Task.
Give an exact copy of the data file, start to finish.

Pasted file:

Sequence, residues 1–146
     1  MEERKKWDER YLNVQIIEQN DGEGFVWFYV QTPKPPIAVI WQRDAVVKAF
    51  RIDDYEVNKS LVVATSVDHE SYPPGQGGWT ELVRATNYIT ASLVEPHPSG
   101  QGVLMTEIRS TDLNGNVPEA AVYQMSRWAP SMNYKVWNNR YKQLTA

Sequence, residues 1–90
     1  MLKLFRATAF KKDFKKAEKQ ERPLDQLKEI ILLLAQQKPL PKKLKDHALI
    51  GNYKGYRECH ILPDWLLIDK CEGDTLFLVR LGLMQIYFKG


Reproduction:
Sequence, residues 1–146
     1  MEERKKWDER YLNVQIIEQN DGEGFVWFYV QTPKPPIAVI WQRDAVVKAF
    51  RIDDYEVNKS LVVATSVDHE SYPPGQGGWT ELVRATNYIT ASLVEPHPSG
   101  QGVLMTEIRS TDLNGNVPEA AVYQMSRWAP SMNYKVWNNR YKQLTA

Sequence, residues 1–90
     1  MLKLFRATAF KKDFKKAEKQ ERPLDQLKEI ILLLAQQKPL PKKLKDHALI
    51  GNYKGYRECH ILPDWLLIDK CEGDTLFLVR LGLMQIYFKG